Concerned about widespread doping, British track officials suggest wiping the record books clean

In a set of stringent proposals to combat doping, British track officials want to draw a line in the record books and start over with what they would call a “new Clean Athletes era.”

The 14 recommendations in the UK Athletics’ manifesto, issued on Monday, also push for much harsher penalties for serious rules violations.

“The integrity of athletics was challenged as never before in 2015,” the governing body stated. “And the challenges, especially from drugs cheats, show few signs of receding.”

The manifesto follows a recent series of scandals that has included allegations of systemic doping in Russia and corruption among international track officials.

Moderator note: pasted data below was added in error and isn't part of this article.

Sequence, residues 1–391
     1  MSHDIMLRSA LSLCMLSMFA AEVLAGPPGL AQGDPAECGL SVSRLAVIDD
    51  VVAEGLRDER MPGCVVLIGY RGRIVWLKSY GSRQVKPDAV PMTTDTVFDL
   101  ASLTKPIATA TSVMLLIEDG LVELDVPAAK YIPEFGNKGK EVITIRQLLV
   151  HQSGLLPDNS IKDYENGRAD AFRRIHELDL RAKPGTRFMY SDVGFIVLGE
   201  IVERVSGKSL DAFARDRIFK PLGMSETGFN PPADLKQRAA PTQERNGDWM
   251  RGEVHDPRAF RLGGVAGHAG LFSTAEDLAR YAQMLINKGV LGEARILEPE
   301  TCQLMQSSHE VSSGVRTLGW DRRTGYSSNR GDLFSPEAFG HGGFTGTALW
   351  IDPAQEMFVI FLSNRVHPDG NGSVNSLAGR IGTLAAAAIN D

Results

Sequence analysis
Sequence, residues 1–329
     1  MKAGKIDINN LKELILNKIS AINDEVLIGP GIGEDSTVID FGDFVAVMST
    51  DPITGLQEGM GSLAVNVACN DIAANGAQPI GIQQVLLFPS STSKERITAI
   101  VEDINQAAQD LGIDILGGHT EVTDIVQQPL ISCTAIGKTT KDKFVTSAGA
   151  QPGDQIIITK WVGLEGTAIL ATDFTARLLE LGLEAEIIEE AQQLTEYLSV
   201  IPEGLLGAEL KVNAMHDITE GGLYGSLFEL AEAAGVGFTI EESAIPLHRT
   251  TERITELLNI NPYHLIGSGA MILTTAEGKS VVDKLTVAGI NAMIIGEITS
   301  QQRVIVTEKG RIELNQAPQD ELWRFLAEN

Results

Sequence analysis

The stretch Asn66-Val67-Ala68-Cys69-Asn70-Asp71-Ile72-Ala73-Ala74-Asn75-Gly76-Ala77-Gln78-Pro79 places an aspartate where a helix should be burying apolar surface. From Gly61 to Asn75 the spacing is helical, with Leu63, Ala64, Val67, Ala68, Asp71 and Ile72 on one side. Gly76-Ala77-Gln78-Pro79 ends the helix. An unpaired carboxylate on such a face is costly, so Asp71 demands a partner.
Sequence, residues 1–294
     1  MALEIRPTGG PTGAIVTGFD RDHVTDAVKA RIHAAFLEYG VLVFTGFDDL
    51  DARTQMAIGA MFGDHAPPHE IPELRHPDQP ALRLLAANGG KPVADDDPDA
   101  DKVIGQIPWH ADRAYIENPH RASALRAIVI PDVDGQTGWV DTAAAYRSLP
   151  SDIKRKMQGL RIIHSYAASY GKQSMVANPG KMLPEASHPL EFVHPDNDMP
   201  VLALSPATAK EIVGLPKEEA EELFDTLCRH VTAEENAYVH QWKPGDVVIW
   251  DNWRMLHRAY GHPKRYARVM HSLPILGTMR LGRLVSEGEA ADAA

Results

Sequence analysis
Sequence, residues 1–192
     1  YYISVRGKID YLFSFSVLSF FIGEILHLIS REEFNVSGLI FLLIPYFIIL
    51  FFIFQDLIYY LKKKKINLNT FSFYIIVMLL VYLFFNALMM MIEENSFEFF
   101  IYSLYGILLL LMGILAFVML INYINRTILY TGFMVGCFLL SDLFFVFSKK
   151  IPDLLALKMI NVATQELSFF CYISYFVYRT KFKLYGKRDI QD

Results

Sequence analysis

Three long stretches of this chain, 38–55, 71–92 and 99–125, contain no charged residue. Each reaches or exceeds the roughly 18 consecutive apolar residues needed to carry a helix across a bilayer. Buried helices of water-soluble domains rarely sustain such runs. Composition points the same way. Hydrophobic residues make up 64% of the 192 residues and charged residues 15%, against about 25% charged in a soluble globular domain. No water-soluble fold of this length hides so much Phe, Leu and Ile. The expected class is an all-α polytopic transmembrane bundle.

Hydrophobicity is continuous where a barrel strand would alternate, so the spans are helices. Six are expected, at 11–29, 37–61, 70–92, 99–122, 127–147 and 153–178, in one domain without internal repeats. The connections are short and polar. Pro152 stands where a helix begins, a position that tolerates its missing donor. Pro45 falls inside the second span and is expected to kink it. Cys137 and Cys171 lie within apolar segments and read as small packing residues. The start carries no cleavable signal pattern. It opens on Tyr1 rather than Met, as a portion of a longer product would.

UK Athletics has asked the World Anti-Doping Agency to make its register of drug tests public and increase the minimum ban for serious offenses to eight years.

British officials suggested that national federations be forced to reimburse any prize money won by athletes from their nations if those athletes are subsequently found to have cheated.

“While the anti-doping authorities are struggling to demonstrate that their current systems are robust, UK Athletics believes that it is vital to build new safeguards so that honest athletes and the watching public can enjoy Clean Athletics,” the manifesto said.

The World Anti-Doping Agency is scheduled to release the second part of its report on the Russian scandal this week.


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